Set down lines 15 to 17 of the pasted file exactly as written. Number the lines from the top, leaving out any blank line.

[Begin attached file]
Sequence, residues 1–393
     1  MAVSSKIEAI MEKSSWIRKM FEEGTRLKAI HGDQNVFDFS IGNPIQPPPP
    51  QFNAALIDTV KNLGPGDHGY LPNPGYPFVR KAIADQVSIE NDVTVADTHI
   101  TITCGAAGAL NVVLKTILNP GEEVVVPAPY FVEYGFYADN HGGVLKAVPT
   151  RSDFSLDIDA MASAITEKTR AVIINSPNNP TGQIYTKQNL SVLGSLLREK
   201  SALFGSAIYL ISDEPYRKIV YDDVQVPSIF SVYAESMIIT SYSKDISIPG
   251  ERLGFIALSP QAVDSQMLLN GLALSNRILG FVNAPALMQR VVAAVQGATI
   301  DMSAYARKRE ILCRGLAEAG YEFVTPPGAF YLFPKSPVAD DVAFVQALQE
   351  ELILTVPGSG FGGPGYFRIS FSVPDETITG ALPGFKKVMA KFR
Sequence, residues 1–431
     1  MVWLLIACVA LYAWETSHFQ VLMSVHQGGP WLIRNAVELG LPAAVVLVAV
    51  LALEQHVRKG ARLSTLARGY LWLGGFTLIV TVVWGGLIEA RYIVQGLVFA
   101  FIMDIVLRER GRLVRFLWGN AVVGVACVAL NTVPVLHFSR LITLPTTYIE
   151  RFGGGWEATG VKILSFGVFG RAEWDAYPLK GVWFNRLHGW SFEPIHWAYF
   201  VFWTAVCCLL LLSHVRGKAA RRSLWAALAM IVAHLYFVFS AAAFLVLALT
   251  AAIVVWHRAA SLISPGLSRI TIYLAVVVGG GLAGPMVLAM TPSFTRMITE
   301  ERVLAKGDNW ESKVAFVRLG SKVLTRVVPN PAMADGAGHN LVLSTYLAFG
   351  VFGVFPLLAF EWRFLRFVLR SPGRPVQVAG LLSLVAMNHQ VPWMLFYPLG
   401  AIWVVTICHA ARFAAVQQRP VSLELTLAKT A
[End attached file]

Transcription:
   201  VFWTAVCCLL LLSHVRGKAA RRSLWAALAM IVAHLYFVFS AAAFLVLALT
   251  AAIVVWHRAA SLISPGLSRI TIYLAVVVGG GLAGPMVLAM TPSFTRMITE
   301  ERVLAKGDNW ESKVAFVRLG SKVLTRVVPN PAMADGAGHN LVLSTYLAFG